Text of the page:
Murfree depicted most of her characters and plot over a backdrop of elaborately curated images, which as Gehrman suggests, seems to have been Murfree’s largest flaw regarding the author’s critical reception. Critics began to increasingly scrutinize Murfree’s elaborate descriptions of landscape, claiming them to be distracting and repetitive. Pattee even claims that, having analyzed a few depictions of setting, most of them are “painted lavishly with adjectives, and presented with impressionistic rather than realist effect,” eventually asserting that the “scenery dominates the book” (311).

Some critics grew tired of Murfree’s aesthetic, but other critics praised Murfree’s style, as it seemingly borrowed the Gothic trope of elaborate landscapes, to convey characters’ epistemological, emotional or psychological development (Chen 245). Gehrman even notes that some critics claim Murfree’s ability to convey “emotional and moral states of human characters” was similar to that of Hawthorne’s (321). Alongside this, both readers and critics praised Murfree’s ability to depict such realistic forms of dialect that reflect the language of Southern Appalachia.

While, during her time, Murfree’s work was published, circulated, and enjoyed, it receives very little attention in the literary world today. Gerhman rightfully claims that both Murfree’s literary talent and intellectual abilities provide her work with a great deal of literary value that not only deserves much more scholarly attention than it receives, but that is rich with potential analyses of both the late antebellum south in America and of a woman’s—particularly a woman writer’s—place within it.

What Murfree Can Tell Us

What is particularly interesting about Murfree’s career as a woman writer in relation to her female protagonist in “The Mystery of Witch-Face Mountain” is the story’s underlying message about the experience of women in the nineteenth century. Despite her tenacity and dedication to the art of not just writing but producing notable works of literature, Murfree had but a short-lived career that proved virtually no legacy. And despite Narcissa’s passion for the town’s remarkable natural landscape—the only element in the story that essentially worked as a buffer between the southerners and those associated with the urban world of production outside of it—her thoughts were dismissed, and ultimately the community did not benefit.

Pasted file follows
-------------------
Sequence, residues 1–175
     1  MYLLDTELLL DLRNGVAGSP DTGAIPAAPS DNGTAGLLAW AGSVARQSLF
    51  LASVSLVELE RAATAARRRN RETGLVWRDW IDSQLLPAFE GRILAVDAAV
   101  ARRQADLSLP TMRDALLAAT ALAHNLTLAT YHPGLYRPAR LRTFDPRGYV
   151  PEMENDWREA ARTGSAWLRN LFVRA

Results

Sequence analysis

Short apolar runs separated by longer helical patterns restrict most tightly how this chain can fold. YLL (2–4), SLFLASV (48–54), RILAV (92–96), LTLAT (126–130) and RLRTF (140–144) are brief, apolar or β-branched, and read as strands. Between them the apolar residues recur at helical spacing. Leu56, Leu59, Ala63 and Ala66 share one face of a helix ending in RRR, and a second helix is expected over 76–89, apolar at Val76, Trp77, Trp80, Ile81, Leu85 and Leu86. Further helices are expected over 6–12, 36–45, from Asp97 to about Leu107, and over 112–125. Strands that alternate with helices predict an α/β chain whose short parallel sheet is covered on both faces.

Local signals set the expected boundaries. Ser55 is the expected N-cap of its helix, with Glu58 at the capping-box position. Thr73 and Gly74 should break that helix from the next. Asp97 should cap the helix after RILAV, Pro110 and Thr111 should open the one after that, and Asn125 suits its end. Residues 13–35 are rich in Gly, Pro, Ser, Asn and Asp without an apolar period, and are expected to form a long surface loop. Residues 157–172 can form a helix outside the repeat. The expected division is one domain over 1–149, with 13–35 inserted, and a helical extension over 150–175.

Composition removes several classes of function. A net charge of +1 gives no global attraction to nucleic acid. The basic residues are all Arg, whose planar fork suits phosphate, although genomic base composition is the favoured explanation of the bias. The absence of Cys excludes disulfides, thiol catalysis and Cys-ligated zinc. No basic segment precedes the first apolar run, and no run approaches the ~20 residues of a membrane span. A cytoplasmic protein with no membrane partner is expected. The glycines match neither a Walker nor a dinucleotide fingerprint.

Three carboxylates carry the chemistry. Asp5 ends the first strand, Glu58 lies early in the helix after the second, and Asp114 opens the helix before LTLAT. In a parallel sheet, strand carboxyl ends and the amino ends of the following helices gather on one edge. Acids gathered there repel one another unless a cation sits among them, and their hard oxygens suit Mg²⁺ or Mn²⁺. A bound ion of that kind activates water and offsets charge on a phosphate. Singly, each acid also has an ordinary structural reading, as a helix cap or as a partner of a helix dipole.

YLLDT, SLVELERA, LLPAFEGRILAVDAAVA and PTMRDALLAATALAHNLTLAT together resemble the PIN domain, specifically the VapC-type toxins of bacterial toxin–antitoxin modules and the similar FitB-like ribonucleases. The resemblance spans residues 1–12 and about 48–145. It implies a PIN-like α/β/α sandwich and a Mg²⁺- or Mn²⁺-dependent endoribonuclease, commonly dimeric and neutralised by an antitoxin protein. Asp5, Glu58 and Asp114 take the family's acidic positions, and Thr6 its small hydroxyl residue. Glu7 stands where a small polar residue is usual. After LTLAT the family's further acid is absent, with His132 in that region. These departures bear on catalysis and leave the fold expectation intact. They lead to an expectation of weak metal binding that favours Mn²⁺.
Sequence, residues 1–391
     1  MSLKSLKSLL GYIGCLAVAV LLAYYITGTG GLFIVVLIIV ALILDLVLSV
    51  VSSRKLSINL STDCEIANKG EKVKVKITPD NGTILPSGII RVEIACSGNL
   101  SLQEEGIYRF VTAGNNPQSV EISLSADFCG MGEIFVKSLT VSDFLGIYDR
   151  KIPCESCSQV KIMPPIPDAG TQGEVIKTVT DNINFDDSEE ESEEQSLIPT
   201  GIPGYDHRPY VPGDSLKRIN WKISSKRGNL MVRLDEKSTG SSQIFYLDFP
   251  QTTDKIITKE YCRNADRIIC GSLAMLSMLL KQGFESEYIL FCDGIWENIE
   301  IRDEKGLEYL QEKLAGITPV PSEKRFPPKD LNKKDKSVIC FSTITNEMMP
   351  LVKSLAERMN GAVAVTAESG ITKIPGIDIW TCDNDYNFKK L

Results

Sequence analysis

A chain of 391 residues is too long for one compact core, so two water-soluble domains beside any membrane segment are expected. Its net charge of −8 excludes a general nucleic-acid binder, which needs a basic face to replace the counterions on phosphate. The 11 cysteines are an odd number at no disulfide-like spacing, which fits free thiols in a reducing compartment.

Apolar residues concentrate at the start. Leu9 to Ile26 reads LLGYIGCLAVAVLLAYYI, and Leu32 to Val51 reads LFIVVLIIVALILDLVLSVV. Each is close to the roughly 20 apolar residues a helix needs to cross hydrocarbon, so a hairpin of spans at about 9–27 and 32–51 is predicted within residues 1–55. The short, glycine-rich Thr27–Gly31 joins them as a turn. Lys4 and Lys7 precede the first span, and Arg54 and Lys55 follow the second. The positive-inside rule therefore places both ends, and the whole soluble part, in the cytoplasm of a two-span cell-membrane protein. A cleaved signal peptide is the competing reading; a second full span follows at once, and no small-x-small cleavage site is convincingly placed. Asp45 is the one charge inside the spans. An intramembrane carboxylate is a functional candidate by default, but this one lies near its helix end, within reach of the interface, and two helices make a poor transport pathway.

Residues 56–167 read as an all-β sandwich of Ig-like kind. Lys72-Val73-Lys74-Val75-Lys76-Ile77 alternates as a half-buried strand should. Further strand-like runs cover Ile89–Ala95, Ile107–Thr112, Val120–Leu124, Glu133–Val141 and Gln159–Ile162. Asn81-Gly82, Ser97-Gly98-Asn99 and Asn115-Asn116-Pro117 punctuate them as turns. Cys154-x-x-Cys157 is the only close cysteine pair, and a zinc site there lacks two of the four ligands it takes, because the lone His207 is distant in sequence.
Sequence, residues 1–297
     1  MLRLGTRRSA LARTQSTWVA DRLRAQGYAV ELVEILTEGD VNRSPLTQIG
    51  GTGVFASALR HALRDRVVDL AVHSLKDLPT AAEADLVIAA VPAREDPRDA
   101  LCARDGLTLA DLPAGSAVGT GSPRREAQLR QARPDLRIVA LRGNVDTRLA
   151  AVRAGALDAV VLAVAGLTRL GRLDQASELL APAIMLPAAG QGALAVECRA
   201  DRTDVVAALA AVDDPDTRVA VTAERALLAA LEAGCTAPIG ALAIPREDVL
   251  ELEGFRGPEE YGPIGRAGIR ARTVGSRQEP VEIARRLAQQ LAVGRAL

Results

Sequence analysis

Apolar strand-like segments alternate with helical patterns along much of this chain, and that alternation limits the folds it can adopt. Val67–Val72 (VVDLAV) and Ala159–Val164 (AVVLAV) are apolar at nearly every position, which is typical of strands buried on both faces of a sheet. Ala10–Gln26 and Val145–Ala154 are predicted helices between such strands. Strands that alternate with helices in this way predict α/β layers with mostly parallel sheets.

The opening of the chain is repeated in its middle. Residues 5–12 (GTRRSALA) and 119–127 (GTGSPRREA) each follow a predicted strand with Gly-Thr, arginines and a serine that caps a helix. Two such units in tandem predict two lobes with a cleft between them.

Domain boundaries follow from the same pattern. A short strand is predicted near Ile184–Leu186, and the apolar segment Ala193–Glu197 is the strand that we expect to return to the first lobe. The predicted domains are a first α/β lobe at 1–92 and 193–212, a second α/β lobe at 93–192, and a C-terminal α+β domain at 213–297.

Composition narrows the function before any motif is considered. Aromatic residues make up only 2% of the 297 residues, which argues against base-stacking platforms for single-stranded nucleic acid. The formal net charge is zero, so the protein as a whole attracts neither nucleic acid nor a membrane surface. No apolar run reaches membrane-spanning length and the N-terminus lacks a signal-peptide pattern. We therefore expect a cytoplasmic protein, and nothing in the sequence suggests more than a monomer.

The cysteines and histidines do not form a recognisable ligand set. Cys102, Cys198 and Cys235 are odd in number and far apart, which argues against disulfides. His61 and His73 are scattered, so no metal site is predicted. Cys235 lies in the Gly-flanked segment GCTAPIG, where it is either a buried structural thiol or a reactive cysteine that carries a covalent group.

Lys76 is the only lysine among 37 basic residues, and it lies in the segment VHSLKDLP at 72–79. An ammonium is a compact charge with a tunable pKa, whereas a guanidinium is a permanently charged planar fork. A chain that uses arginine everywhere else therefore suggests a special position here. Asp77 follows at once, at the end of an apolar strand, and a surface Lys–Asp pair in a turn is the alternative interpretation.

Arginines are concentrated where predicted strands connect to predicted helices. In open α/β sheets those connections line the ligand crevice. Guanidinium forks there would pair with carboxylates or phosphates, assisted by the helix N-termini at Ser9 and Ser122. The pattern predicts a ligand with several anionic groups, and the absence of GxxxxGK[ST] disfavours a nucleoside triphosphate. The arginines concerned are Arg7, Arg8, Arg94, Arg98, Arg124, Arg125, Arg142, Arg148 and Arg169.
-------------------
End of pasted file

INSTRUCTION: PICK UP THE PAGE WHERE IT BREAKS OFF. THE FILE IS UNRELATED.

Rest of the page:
Such a connection seems to reflect the importance of literary recovery and to illuminate what society potentially risks if we do not listen to the voices of those who have been systemically silenced. Not only will we miss out on great works of literature, but also what that literature seeks to tell us about both society and women’s place in it. As Murfree has demonstrated in her text and in her career as a writer, it would be a disservice to not only ourselves as individuals, but to both our literary and cultural communities to only reinforce our biases and thus fail to see the beauty that lies right in front of us.

Other Notable Works

Full list of Murfree’s works available here


Chen, Chih-Ping. “Murfree, Mary Noailles (1850-1922).” Encyclopedia of American War Literature, edited by Phillip K. Jason and Mark A. Graves, Greenwood Press, 2001, pp. 243-244.

Gehrman, Jennifer A. “Mary Noailles Murfree (Charles Egbert Craddock) (1850-1922).” Nineteenth-Century American Women Writers: A Bio-Bibliographical Critical Sourcebook, edited by Denise D. Knight and Emmanuel S. Nelson, Greenwood Press, 1997, pp. 318-323.

Murfree, Mary Noailles. The Mystery of Witch-Face Mountain and Other Stories. The Riverside Press, 1895.

Pattee, Fred Lewis. A History of American Literature Since 1870. New York: Century, 1921.

Pryse, Marjorie. ‘Murfree, Mary’. The Oxford Companion to Women’s Writing in the United States, edited by Cathy N. Davidson, Oxford University Press, 1995, p. 591.

The Atlantic Monthly, vol. 76, The Riverside Press, 1895. (URL)